Newsbreak found the same thing looking at the planned fare hikes for trips between the Recto station, the western end of the LRT Line 2, and other stations towards the east. In nine of 10 cases, the tariff increase was higher for single-journey ticket holders.
The average fare hike for the 10 trips along Line 2 was only P4.60 or 33.7% for stored-value ticket buyers. For single-journey ticket buyers, it was P6.80 or 50.3%.
(Click here for the fare matrix for LRT Line 2.)
The DOTC has not yet released the proposed fare matrix for the MRT 3 line.
More than a simple variation from the average, the big difference in fare hikes for single-journey tickets and stored-value cards hint at possible inequities in the payment scheme. Perhaps unintentionally, transport authorities have decreed that those who have lesser means will be shouldering a bigger fare increase than those who have more.
About 69.1% of LRT and MRT weekday commuters ride the train 5 times a week or more, according to the a Japanese aid agency’s Mega Manila Public Transport Study in 2007, suggesting that more people should be using stored-value cards.
However, 70% of the train riders instead use single-journey tickets even though these take longer to buy because of the lengthy queues, according to the Department of Transportation and Communication.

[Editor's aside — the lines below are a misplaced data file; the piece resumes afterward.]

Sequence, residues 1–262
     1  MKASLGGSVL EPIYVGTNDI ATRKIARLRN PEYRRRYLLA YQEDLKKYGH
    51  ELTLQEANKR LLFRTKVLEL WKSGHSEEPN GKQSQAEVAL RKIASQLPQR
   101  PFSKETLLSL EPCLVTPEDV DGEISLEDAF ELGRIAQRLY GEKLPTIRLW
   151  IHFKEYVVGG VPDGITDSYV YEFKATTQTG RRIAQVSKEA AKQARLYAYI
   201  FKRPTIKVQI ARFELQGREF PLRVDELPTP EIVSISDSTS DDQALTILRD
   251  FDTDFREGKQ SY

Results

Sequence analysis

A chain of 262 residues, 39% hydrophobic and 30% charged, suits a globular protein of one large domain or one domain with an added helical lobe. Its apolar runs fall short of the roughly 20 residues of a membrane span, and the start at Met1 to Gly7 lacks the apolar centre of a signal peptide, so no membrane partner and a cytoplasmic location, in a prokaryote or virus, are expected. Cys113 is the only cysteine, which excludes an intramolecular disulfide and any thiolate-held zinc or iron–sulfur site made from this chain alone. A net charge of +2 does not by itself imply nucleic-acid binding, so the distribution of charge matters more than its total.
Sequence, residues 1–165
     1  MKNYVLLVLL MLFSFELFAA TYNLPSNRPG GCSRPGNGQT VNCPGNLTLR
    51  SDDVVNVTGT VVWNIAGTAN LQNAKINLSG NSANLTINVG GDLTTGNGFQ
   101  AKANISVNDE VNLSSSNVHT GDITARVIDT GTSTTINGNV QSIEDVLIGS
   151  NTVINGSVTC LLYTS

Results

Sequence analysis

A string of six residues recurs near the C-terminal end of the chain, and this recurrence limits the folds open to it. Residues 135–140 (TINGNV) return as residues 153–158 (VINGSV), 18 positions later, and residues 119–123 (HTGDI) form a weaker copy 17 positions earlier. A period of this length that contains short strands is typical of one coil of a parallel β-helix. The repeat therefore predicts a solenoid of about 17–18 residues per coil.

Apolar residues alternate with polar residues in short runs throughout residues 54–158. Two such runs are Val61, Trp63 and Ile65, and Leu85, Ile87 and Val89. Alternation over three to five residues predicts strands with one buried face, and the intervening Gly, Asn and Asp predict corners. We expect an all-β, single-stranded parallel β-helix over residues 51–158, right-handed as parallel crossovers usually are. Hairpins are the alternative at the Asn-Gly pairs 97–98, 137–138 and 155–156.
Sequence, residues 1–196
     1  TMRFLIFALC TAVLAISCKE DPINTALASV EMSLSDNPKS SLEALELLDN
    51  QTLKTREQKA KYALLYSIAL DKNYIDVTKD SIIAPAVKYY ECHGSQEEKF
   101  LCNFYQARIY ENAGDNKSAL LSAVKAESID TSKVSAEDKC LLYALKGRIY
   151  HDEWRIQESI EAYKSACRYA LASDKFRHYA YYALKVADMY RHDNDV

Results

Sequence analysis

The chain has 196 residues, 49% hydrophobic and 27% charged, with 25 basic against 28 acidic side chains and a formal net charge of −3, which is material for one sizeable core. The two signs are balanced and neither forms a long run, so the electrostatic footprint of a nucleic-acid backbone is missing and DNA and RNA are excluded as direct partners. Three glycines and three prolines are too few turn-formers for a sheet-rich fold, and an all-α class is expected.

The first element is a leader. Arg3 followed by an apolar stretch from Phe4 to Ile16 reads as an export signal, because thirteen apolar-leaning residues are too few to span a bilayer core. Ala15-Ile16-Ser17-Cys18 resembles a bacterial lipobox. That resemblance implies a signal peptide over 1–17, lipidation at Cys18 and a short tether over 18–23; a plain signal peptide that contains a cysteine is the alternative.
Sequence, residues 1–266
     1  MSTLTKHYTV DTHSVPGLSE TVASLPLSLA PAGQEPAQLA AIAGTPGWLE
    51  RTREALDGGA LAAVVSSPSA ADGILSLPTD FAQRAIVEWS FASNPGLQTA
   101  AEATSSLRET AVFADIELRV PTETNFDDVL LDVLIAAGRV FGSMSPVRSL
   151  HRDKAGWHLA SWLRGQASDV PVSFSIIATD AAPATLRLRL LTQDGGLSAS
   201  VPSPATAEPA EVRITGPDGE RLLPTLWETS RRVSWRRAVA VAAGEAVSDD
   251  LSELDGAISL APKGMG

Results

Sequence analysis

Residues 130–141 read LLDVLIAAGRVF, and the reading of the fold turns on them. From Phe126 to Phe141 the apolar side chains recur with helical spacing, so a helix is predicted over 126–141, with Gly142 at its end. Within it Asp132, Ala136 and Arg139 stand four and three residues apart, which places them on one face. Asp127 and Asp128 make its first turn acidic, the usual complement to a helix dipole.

The widespread preference for single-journey tickets amid very frequent trips could perhaps be explained by the predominantly low income profile of LRT and MRT commuters, which limits their ability to buy the stored-value cards that sell for at least P100.
The same 2007 study found that 67.7% of LRT and MRT riders earned monthly incomes of less than P10,000. (See table below)
Income Profile of LRT/MRT Commuters
|Less than P8,000
|More than P30,000
|Source: Mega Manila Public Transport Study, 2007
To be sure, the news administration of President Benigno Aquino III has a good case for raising the fares to cut rising subsidies for Metro Manila’s train systems that are better spent in poor provinces that lack basic transport infrastructure.